Thread: Bleaching Timber
9th Jan 2008, 06:18 PM #1
What is the strongest safe bleach to use. ?
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9th Jan 2008, 06:46 PM #2
Dont think theres such a thing as a strong safe bleach.
depends on what you want to bleach and how white you want it.
Interesting point though.
sometimes we grab what we're used to without thinking about it.
lemon juice bleaches, as does wee and i suppose these are safe.
try lemon juice (or the other) and put it in the sun and see what happens.
women all over the world put their washing in the sun to bleach it.
as to the others in decending order, and i know someone will nit pick
household bleach(white king)
peroxide with amonia
all of the above increase power in sunlight.
General warning to readers re safty applies
9th Jan 2008, 06:51 PM #3
what I'm really wondering is,
can I bleach a very light coloured wood such as macrocarpra to snow white?
9th Jan 2008, 06:59 PM #4
Dont know what timber that is,
Just experiment on offcut bits and see what happens.
9th Jan 2008, 07:24 PM #5
I've used household bleach and straight pool chlorine. Both work, but it did affect the outer fibres of the wood, not just the colour.Neil____________________________________________Every day presents an opportunity to learn something new
10th Jan 2008, 09:07 AM #6
I once bleached some old red cedar with cloudy amonia. It took it from deep red to an orange brown colour, very nice. It seemed to go deeper than the top layer.
RobertCheck my facebook:rhbtimber
10th Jan 2008, 10:03 AM #7
you'll probably need to suck it and see. One thing though, oxalic acid tends to turn stuff a horrible yellow colour if applied too long or at too high a concentration.
Mick"If you need a machine today and don't buy it,
tomorrow you will have paid for it and not have it."
- Henry Ford 1938
10th Jan 2008, 12:01 PM #8
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Bob, what are you trying to achieve?
If you are going to keep the timber raw and bleached, then use a normal chlorine bleach and a scrubbing brush after exposing it all to sunlight. This will chew out the outer fibres of the timber, as will any other bleach.
Remember how the old boiler stick used to wear away on your mum's washing "copper"?
If you are going to clear coat, there's a good reason to use a limewash or liming stain instead of a true bleach. In a real mix, there's a bit of bleach but not much, you paint it on, then wipe it off like a stain. That'll impart a bleached look, which can then be oiled or poly'd or whatever, and won't break down the timber.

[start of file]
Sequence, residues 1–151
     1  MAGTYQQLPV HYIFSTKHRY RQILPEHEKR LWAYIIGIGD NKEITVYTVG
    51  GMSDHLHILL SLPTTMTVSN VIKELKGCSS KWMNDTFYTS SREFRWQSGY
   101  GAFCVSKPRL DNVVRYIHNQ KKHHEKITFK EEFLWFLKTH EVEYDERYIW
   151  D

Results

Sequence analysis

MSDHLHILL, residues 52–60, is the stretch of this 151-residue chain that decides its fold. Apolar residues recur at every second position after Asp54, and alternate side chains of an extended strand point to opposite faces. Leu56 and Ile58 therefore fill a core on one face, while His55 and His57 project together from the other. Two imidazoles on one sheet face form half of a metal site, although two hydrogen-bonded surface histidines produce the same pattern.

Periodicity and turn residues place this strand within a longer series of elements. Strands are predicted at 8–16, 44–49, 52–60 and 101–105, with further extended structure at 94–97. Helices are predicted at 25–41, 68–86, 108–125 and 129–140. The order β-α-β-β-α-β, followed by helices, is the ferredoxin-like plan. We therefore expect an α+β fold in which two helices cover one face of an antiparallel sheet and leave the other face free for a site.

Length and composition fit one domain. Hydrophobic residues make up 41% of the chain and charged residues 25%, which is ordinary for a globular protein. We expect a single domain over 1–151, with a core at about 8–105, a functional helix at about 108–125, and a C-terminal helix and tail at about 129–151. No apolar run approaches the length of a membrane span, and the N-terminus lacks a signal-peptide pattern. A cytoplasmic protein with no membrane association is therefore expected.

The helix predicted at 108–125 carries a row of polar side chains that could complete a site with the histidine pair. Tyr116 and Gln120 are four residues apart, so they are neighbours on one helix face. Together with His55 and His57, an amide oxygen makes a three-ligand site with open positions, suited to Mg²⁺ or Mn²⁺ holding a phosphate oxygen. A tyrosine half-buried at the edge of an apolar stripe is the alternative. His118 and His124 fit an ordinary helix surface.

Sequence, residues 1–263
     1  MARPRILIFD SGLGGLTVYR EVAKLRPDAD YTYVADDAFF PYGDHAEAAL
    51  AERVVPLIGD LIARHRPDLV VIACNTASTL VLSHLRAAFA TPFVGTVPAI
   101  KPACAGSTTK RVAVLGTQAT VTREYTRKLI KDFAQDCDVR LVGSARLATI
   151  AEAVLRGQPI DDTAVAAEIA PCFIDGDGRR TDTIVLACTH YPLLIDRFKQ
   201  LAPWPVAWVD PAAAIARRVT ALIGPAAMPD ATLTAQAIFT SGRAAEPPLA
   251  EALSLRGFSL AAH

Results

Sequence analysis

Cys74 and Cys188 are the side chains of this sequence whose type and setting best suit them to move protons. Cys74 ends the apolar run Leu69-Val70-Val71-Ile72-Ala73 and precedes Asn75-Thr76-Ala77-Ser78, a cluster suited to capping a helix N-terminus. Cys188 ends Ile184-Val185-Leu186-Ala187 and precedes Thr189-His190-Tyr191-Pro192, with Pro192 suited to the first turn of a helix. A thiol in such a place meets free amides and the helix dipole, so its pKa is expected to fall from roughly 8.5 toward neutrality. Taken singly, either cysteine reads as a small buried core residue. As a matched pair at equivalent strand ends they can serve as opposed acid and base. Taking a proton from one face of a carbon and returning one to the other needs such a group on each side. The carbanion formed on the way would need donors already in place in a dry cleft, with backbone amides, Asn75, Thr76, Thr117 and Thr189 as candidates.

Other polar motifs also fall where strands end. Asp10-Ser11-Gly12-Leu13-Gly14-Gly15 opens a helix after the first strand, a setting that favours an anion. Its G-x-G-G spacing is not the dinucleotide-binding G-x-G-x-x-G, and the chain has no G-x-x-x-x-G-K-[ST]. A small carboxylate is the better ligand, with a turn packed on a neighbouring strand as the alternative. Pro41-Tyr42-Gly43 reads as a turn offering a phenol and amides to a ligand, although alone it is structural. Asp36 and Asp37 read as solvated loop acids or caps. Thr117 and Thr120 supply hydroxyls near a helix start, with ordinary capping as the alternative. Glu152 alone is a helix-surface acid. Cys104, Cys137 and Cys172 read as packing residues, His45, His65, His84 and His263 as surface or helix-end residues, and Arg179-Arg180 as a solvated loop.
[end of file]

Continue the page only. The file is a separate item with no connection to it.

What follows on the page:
10th Jan 2008, 12:29 PM #9
Just a furniture piece I've been thinking about for a while.
Bleaching and liming might be the go to get a snow white finish, though for a creamy white finish, bleach alone (or even nothing for a darker cream ) would do.
10th Jan 2008, 08:47 PM #10
What if you use one of those milk paints worked into the grain then wiped off, using a wood like tas oak if you sand it evenly with a coarse paper(say120~180g) with the grain it'll give the paint more area to bind into.....................................................................
10th Jan 2008, 10:36 PM #11
Bob, from all of these replies seems you can bleach the timber and wreck the grain, or keep the grain and compromise on the colour .I'd go for the grain,
If the timber is unusual in itself why spoil it by making it something it was never meant to be,
I have a philosophy with timber, that is you can tweak the tone but not change the colour without it resisting,
Ive changed ash to mahogany or pine to cedar at clients requests and it never looks quite rightIMHO.
11th Jan 2008, 06:29 PM #12
I want to mix it up with some redgum and end up with a nice red and white piece.
11th Jan 2008, 09:39 PM #13
Not having seen the timbers you are using, i think that the paler timber will look whiter contrasted against the redgum anyway.
The eye is always drawn to the darker timber,
If you try to make the pale timber paler, it might just draw the eye to it which is not what you want,
this is hard to explain,
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